Tuesday, September 21, 2010

1915 Lombardic Letters: Evans Building

I have marveled at the medieval script used in The Thomas W. Evans Museum and Dental Institute, School of Dentistry, University of Pennsylvania (1915). The less formal eastern entrance employs Lombardic letters (seen here) while the more formal southern entrance uses Gothic black letter. This historical incongruity illustrates a degree of interpretive freedom. I have only sketched the top line of the inscription. Drawing it, rather than photographing it, is the best way that I can understand it. The font is lively with curving serifs and squeezed round volumes. I was also intrigued by the three-dimensional contrast in the four capital letters of the inscription. Whereas all the other letters protrude from the surface of the wall, the capitals are recessed. The three limestone blocks illustrated in the drawing above measure ca. 6 1/2 ft. by 13 in.

I direct you to historical photos of the entire complex, including a view of the southern portal, see Harold D. Eberlein, "Two Dental Buildings in Philadelphia and Boston," Architectural Record 37, no. 6 (June 1915) 517-534.

Although not very well known, the architect of the Evans Building was John Windrim, who designed over 200 buildings in the Philadelphia area, including the Wanamaker Memorial Tower (1908) next to Saint James the Less (1846), the most important Ecclesiological building in the U.S. and many Bell Telephone stations. John Windrim inherited his father's firm, the office of James Windrim, who designed the Masonic Temple across the street from City Hall (1873), and my favorite bridge over the Schuylkill, the metal Falls Bridge (1895). For more information on the building and projects of Windrim, see the Philadelphia Architects and Buildings database.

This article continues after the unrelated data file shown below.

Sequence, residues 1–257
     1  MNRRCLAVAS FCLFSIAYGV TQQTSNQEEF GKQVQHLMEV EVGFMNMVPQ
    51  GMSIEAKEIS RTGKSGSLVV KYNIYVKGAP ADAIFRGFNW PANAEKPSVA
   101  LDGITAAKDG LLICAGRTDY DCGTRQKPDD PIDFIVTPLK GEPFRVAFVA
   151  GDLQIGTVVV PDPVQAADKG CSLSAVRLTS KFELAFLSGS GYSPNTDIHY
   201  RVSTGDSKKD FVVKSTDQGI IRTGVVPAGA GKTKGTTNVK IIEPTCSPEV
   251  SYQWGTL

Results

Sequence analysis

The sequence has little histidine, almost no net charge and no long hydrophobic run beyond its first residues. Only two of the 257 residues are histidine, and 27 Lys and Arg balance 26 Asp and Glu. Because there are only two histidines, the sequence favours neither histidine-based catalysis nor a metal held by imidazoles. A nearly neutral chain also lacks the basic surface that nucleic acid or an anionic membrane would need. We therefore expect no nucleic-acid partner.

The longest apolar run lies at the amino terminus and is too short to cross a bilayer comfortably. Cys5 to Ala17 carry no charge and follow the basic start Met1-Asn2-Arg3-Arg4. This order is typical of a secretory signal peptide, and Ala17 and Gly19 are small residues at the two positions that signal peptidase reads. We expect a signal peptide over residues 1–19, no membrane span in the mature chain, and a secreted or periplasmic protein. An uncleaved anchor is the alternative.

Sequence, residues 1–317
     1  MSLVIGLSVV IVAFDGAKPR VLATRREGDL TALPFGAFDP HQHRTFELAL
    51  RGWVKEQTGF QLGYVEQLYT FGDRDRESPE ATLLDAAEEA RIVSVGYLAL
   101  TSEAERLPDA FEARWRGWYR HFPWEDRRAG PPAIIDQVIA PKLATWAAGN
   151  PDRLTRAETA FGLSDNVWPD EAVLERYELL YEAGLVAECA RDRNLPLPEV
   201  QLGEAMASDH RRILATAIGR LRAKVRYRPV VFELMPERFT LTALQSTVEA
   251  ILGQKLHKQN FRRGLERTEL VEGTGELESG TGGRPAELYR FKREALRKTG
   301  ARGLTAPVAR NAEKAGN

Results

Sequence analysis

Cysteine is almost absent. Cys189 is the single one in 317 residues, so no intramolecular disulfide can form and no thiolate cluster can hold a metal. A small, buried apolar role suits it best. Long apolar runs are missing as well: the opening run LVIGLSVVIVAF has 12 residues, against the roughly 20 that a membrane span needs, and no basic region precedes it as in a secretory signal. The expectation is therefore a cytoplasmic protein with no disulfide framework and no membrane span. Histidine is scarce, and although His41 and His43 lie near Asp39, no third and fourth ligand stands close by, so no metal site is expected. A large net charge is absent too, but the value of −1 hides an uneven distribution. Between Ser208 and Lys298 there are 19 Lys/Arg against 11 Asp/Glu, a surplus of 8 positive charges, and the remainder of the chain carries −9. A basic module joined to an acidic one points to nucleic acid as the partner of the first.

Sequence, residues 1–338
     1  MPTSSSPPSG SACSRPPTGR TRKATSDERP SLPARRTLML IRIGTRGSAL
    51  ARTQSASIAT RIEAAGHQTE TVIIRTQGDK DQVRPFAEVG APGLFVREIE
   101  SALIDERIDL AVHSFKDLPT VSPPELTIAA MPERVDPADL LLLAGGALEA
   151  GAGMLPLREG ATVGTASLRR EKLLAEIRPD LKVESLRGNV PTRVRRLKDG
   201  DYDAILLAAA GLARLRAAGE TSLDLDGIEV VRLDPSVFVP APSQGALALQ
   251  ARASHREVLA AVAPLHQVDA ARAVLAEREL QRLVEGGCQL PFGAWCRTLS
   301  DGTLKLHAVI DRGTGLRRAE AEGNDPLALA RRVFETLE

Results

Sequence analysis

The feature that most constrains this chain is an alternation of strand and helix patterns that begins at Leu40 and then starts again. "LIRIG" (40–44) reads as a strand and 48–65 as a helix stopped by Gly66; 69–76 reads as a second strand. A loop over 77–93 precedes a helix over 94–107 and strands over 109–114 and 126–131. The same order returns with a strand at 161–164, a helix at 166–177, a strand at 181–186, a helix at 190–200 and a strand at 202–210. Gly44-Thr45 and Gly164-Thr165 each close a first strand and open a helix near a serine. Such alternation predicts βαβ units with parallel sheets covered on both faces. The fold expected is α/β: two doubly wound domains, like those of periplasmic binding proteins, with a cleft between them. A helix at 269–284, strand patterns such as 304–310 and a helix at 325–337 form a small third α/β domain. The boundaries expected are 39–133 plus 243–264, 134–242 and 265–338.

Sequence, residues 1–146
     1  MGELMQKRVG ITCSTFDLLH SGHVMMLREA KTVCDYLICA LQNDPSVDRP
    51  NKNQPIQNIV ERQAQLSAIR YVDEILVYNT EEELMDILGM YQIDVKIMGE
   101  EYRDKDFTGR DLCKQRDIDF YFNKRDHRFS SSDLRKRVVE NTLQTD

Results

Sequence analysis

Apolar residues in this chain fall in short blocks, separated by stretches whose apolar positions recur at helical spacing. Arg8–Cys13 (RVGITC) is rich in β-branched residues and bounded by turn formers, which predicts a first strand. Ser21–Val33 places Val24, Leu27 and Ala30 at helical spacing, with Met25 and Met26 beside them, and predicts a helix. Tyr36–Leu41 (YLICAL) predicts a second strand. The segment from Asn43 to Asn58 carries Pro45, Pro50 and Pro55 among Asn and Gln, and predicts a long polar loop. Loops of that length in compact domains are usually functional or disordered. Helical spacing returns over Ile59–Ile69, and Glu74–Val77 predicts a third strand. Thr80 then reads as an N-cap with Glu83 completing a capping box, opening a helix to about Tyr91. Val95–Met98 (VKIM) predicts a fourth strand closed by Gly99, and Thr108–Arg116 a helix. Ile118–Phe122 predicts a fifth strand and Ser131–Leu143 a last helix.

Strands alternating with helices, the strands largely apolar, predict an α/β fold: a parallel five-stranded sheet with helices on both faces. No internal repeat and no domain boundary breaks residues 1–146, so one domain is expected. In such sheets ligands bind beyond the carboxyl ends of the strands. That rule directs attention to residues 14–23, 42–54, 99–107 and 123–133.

Thomas W. Evans (1823-1897) is buried just a few blocks southwest of his dental foundation at Woodland Cemetery. His grave is one of the grandest monuments, a towering gray obelisk.

My F&M colleagues will be interested to know that Evans started his dental career in Lancaster. He made his fortune, however, by settling in Paris, introducing gold tooth feelings to Europe and becoming the dentist and adviser to Napoleon III. According to his obituary, he attended the teeth of Europe's royalty from Queen Victoria to the Ottoman sultan.

Location: 39°57'07.15"N, 75°12'11.34"W
40th & Spruce Streets, Philadelphia, PA 19104

1 comment:

Amelia Rauser said...

I want to talk with you about type, Swiss grid design, and the "new wave" viz. ESPRIT. Maybe next week sometime?

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Kostis Kourelis

Philadelphia, PA, United States